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Local Government Lawyer, 10th May 2016

Source: www.localgovernmentlawyer.co.uk

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To notify or not to notify: the impact of contact terms on common law rights to terminate – Hardwicke Chambers

Posted April 27th, 2016 in compensation, construction industry, contracts, damages, news, notification by sally

‘In Vinergy International (PVT) Ltd v Richmond Mercantile Ltd FZC [2016] EWHC 525 (Comm), Teare J held that the notice requirements contained in the termination provisions of a master supply agreement (the MSA) did not apply to an innocent party’s exercise of its common law right to terminate the agreement by accepting the other party’s repudiatory breach.’

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Hardwicke Chambers, 26th April 2016

Source: www.hardwicke.co.uk

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New rules for data protection – Law Society’s Gazette

Posted April 4th, 2016 in compensation, data protection, EC law, news, notification by sally

‘In the UK there is currently no legal obligation under the Data Protection Act 1998 (DPA) to report personal data breaches to anyone. However, the Information Commissioner’s Office (ICO) guidance recommends that serious breaches should be brought to its attention.’

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Law Society’s Gazette, 4th April 2016

Source: www.lawgazette.co.uk

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Why you might not be warned of an online security breach – The Guardian

Posted March 30th, 2016 in banking, consumer protection, data protection, internet, news, notification by sally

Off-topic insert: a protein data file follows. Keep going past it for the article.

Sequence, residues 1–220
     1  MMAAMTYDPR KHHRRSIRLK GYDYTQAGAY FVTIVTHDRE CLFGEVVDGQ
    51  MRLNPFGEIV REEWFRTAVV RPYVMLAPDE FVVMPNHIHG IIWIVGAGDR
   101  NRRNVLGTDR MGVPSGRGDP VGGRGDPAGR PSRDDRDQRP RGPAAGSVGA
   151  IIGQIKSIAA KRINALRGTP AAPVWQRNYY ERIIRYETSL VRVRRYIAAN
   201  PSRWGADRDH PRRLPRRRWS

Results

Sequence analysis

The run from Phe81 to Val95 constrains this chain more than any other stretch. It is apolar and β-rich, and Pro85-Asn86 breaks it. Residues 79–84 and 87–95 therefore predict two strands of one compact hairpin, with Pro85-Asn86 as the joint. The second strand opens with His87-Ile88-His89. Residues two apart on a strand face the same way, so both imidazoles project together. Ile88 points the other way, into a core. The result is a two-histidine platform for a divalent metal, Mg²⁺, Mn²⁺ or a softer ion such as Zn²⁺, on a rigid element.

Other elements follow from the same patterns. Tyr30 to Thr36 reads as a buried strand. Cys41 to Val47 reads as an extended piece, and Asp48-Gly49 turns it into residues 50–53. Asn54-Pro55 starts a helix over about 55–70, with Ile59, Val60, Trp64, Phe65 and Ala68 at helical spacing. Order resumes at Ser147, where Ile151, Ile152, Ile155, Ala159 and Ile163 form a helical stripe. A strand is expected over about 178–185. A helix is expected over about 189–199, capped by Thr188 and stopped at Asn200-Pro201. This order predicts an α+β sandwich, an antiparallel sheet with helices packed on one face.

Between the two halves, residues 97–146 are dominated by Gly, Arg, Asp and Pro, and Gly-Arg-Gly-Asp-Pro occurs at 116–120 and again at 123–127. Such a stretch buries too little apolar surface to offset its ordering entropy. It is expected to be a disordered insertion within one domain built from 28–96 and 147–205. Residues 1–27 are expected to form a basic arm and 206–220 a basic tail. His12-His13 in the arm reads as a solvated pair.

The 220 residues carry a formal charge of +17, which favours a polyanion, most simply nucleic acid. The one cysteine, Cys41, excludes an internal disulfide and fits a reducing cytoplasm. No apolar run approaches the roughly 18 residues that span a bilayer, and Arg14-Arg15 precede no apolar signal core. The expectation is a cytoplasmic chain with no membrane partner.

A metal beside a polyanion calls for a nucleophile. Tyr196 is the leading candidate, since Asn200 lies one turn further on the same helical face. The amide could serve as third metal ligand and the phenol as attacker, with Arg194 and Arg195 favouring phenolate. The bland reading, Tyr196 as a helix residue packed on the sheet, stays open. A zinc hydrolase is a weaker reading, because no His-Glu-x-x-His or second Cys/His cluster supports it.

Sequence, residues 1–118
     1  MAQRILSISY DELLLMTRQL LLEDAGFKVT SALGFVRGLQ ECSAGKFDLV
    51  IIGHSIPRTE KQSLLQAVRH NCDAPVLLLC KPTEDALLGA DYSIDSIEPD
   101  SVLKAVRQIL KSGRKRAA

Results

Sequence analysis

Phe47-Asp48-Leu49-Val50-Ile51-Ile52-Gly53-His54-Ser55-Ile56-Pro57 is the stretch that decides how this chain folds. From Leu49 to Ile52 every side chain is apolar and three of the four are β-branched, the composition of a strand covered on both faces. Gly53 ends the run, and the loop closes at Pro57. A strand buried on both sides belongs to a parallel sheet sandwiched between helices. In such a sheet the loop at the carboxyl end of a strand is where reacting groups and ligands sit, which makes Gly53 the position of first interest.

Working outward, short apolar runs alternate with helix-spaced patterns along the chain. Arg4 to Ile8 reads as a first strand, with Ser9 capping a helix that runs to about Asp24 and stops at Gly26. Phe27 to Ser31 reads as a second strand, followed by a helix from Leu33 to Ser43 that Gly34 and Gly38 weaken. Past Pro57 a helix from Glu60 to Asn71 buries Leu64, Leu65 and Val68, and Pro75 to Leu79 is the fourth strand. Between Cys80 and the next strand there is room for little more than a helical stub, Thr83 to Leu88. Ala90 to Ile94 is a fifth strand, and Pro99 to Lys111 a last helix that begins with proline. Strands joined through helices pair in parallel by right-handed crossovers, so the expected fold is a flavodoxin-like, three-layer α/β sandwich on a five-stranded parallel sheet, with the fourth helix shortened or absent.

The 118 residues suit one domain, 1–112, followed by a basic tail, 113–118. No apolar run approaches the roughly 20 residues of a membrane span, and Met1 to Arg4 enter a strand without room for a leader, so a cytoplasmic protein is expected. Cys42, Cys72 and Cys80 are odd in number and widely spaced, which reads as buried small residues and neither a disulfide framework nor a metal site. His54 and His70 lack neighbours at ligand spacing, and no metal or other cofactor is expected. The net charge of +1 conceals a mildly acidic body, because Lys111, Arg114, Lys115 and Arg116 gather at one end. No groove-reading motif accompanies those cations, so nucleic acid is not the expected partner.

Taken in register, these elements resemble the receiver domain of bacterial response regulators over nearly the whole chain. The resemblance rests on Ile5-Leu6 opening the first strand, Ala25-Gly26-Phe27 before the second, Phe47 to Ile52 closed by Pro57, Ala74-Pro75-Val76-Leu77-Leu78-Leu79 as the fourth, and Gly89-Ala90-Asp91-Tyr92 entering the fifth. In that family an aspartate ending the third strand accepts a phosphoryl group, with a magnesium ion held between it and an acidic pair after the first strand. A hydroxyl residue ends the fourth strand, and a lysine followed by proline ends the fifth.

‘Surprisingly, under the Data Protection Act companies have no obligation to tell customers there could be a problem.’

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The Guardian, 30th March 2016

Source: www.guardian.co.uk

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Court of Appeal throws out solar farm challenge brought 14 months after planning permission was granted – OUT-LAW.com

‘A High Court judge should not have overturned planning permission granted to a solar farm in Wiltshire in response to a legal challenge brought 11 months after the three-month limitation period then in force had expired, the Court of Appeal has ruled.’

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OUT-LAW.com, 1st March 2016

Source: www.out-law.com

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Henia v Beck: Time for a Rethink? – Hardwicke Chambers

Posted February 23rd, 2016 in construction industry, consultations, news, notification, remuneration by sally

‘Google the decision in Henia Investments Inc v Beck Interiors Ltd and you will find a raft of articles championing the decision as adding yet further weight to the argument that payment applications submitted by the “payee” must be clear and unambiguous.’

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Hardwicke Chambers, 3rd February 2016

Source: www.hardwicke.co.uk

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Caledonian Modular Ltd v Mar City Developments Ltd [2015] EWHC 1855 (TCC) – Hardwicke Chambers

Posted February 23rd, 2016 in construction industry, contracts, news, notification, remuneration by sally

‘The TCC determined that an ambiguous set of accounts sent by email were not a valid application for interim payment, with the result that the corresponding payless notice had been issued in time. The case serves as a reminder to contractors that the substantial benefits of the HGCRA payment provisions come with the clear obligation to make the nature and content of any application for interim payment obvious to an employer, or else the courts will likely find such an application to be invalid.’

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Hardwicke Chambers, 3rd February 2016

Source: www.hardwicke.co.uk